In July, Microsoft began to let web browsers other than Microsoft Edge access and use its AI-powered Bing Chat service.
This is unsurprising and not a big deal in and of itself. Microsoft has been pushing its “new Bing” preview relentlessly all year, and the potential user base gets a whole lot bigger if you don’t restrict the service to a browser that fights with Firefox and Safari for Google Chrome’s scraps.
Now, multiple users and The Verge have all noticed a new notification that’s being shown to users of Windows 10 and Windows 11, prompting them to use the Bing search engine with Chrome, their default browser. Microsoft semi-regularly pushes Bing on Edge users who have already gone out of their way to select a different search engine. Windows 10 and 11 periodically encourage you to use Edge, and some of Microsoft’s sites will also recommend Bing to non-Edge users, something that many of Google’s sites also do to encourage Chrome use. But this is, to my memory, the first example of an operating-system-level notification trying to get you to use Bing in a third-party browser.
Microsoft rep Caitlin Roulston told The Verge that this behavior was “unintended” and that the notification had been “paused” pending an investigation. It’s unclear what the “intended” behavior of this notification was supposed to be.
According to those reports, it’s also not part of Windows’ built-in notification system, as most Bing, OneDrive, and Microsoft 365 notifications are; it’s an entirely separate executable file called “BGAupsell.exe,” digitally signed by Microsoft. Although I haven’t seen this specific notification on any of my Windows systems, an Ars reader also sent us some screenshots of the executable in question running on Windows 10.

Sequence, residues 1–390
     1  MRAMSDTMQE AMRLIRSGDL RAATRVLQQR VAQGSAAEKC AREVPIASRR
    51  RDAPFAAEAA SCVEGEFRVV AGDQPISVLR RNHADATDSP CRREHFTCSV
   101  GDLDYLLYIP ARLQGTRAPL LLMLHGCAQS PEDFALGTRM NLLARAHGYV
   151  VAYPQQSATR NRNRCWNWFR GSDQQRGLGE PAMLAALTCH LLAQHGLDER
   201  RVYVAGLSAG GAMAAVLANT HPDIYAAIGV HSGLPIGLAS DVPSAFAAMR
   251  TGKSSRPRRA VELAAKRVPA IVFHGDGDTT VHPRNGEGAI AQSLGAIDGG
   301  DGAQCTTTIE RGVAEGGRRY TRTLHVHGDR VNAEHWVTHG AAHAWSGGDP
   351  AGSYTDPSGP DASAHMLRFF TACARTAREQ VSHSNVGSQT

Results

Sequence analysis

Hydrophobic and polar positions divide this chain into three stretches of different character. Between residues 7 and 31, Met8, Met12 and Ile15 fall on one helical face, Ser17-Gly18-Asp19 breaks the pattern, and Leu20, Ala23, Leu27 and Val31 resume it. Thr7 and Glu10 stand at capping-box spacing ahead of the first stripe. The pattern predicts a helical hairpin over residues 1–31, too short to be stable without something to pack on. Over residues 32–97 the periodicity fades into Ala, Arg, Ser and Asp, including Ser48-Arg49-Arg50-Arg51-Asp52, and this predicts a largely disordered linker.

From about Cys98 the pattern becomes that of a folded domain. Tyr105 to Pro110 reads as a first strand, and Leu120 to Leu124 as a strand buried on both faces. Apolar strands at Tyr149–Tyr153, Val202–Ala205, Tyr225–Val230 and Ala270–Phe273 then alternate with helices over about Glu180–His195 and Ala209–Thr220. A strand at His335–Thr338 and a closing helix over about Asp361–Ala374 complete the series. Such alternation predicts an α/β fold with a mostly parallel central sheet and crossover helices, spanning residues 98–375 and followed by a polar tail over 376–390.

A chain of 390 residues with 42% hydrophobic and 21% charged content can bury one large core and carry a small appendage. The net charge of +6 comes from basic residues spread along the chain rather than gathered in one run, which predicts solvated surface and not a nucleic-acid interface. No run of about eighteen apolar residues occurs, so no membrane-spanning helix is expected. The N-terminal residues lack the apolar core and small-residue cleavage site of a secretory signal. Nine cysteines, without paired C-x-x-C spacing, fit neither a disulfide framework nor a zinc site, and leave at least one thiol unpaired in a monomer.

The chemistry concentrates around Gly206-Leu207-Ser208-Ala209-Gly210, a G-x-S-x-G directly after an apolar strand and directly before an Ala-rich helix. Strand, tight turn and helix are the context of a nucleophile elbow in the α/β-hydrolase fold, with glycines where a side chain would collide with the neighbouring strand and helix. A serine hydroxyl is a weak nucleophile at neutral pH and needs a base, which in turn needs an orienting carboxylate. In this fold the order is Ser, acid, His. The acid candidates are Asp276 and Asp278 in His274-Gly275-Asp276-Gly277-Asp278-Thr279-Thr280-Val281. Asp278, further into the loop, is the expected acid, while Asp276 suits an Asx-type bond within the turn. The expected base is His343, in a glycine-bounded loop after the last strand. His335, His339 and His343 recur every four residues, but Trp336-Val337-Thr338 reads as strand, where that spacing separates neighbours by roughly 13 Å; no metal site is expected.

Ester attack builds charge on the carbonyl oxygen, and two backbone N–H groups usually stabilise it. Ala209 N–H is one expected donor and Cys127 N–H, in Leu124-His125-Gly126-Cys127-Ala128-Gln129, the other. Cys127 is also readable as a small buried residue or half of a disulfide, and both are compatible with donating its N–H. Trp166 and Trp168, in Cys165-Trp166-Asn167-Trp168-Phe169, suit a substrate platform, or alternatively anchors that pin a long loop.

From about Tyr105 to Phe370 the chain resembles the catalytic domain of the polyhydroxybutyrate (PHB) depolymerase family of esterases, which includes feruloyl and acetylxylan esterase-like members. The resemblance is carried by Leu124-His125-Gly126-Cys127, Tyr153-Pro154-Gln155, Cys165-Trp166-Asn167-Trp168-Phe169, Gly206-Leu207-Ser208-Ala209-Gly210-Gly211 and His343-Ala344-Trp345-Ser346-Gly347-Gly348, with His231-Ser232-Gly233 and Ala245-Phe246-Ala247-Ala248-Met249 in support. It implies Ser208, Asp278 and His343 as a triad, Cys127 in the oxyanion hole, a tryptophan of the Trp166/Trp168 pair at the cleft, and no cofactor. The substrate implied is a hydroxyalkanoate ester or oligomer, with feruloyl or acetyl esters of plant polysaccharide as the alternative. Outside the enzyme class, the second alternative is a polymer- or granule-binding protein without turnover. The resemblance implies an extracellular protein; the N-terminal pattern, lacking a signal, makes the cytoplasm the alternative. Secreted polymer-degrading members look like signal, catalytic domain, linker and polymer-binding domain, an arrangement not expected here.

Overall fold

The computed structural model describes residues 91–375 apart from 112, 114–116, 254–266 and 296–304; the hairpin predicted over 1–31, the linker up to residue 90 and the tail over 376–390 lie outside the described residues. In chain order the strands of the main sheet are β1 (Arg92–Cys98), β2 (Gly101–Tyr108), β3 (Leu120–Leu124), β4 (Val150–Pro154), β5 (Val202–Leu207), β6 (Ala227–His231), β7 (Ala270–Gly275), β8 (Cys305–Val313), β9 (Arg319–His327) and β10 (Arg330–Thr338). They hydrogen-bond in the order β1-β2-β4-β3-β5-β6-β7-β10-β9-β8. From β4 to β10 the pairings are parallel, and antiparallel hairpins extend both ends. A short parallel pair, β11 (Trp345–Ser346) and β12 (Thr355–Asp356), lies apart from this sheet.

This is just one notification (for now!), easily dismissible. But it joins the insistent and increasingly embarrassing notifications that Windows 11 pushes on users about Edge, Bing, Microsoft 365, OneDrive, and Game Pass. (Did you know that if you try to open a link with the new Outlook app that it will prompt you to open those links with Edge? That one was new to me.)
We wrote about this kind of behavior in Windows recently. It’s just one more example of modern Windows acting like a free-to-play browser game rather than a flexible computer operating system that respects its users’ choices, despite being commercial software that your PC maker pays for (even if most people no longer directly buy Windows themselves). This new Bing-in-Chrome notification is a further escalation of that behavior, both in what it’s asking for and in the way it’s being delivered to users.
Listing image by Microsoft